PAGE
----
For 30 years, Australia has been at the vanguard of governance reforms in the delivery of welfare-to-work. Until now, this reform agenda has been driven by an aggressive marketisation and privatisation of public employment services commencing with Working Nation
(1994); rapidly accelerating under Job Network
(1998-2009) and deepening under the Job Services Australia
(2009-15) and Jobactive
(2015-22) employment services system. In July 2022, Australia is transitioning to yet another employment services model—Workforce Australia. But this time, marketisation is being curtailed by digitalisation and the automation of employment services.
Approximately half of all Australian jobseekers will be migrated over to an automated employment service delivered by apps and algorithms rather than street-level organisatons and frontline staff. The hope is that this will liberate case managers in contracted employment services to provide more personalised and intensive one-on-one support to those furthest from employment. Yet the record of Australian employment services to date in supporting such cohorts to find and sustain employment is extremely poor. It is also highly uncertain whether contracted out services will remain viable if providers no longer have access to the ‘job ready’ clients that they have previously relied on to generate revenue.
With Workforce Australia, employment services delivery in Australia is being automated to an unprecedented extent internationally. This move, from the street-level to the machine-level delivery of welfare-to-work, raises a series of concerns that will be discussed by this panel:
- What are the risks and opportunities presented by digitalisation for unemployed people and service providers?
- What are the trade-offs involved in automating discretion for the balance between efficiency/inclusion and consistency/personalisation in service delivery?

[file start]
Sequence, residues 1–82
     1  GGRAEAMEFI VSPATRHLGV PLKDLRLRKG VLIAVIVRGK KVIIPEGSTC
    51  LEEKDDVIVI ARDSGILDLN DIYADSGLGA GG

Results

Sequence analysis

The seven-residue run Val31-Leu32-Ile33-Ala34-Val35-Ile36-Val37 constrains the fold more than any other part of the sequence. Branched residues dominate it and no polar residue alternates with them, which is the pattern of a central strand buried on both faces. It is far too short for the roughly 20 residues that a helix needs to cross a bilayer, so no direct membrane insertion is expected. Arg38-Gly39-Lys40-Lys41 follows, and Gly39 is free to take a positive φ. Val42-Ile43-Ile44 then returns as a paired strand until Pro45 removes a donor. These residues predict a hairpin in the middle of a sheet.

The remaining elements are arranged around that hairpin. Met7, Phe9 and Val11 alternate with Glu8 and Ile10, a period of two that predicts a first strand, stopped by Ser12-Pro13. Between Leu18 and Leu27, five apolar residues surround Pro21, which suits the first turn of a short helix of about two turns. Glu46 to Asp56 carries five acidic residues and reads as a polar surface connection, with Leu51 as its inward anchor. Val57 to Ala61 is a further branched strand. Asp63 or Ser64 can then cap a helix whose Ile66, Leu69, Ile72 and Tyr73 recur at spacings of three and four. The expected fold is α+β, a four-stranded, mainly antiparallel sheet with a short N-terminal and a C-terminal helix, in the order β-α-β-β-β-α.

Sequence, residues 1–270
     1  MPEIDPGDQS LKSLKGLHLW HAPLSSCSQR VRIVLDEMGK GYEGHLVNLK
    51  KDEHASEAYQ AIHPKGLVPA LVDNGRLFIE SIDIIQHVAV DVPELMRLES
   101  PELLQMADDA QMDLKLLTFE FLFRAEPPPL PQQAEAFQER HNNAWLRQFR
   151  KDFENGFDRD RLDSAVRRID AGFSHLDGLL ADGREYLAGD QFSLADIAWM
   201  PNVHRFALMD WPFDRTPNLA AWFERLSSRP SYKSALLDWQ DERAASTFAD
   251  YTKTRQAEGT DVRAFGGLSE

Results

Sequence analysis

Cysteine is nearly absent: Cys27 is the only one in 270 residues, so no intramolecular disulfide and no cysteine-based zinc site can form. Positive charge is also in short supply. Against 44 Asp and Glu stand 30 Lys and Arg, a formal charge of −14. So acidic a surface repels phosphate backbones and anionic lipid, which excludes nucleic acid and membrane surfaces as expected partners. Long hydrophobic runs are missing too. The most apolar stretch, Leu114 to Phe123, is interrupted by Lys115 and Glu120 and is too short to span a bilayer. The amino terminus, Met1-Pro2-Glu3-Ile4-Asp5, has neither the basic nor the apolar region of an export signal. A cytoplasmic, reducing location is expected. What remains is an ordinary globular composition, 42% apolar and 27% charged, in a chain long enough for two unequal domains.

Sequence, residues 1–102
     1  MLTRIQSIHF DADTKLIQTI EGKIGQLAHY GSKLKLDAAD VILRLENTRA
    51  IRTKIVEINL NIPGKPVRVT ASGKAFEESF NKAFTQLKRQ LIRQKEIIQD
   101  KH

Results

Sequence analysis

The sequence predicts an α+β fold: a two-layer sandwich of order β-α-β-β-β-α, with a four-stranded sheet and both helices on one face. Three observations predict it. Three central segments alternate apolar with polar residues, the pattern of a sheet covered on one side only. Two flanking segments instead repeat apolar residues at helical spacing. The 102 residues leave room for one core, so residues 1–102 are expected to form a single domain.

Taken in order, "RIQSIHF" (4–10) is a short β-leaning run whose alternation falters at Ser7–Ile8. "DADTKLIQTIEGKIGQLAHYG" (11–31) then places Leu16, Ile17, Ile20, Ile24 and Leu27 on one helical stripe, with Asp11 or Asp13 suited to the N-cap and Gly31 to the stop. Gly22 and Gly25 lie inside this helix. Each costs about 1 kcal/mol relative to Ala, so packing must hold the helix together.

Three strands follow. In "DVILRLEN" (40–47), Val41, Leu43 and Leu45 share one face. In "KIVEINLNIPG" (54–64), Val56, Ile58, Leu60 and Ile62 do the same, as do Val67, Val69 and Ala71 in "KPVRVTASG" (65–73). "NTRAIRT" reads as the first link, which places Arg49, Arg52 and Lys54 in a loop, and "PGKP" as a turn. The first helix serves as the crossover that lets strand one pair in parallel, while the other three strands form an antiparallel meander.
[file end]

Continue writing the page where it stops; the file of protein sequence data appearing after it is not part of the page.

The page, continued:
- How is digitalisation intersecting with mutual obligations and the automation of conditionality?
- What new forms of exclusion are arising, and how does these intersect with existing inequalities in service access and delivery?
These and other questions will be discussed by prominent advocates, experts by lived experience, and researchers who have been tracking the evolution of employment services for many years.
Dr Lyndal Sleep, Centre of Excellence for Automated Decision Making and Society, University of Queensland.
• Dr Simone Casey, Senior Policy Advisor (employment), Australian Council of Social Services and Associate, Centre for People, Organisations and Work, RMIT
• Raquel Araya, Advocacy Coordinator, Australian Unemployed Workers Union
•Assoc Prof Jo Ingold (Deakin Business School): Investigator with the Digital Futures at Work Research Group and ESRC-funded Welfare at a (Social) Distance project
• Assoc Prof Siobhan O’Sullivan (University of New South Wales) and Dr Michael McGann (University of Melbourne): Authors of Buying and Selling the Poor: Inside Australia’s Privatised Welfare-to-Work Market
and chief investigators on the ARC Linkage The New Digital Governance of Welfare-to-Work.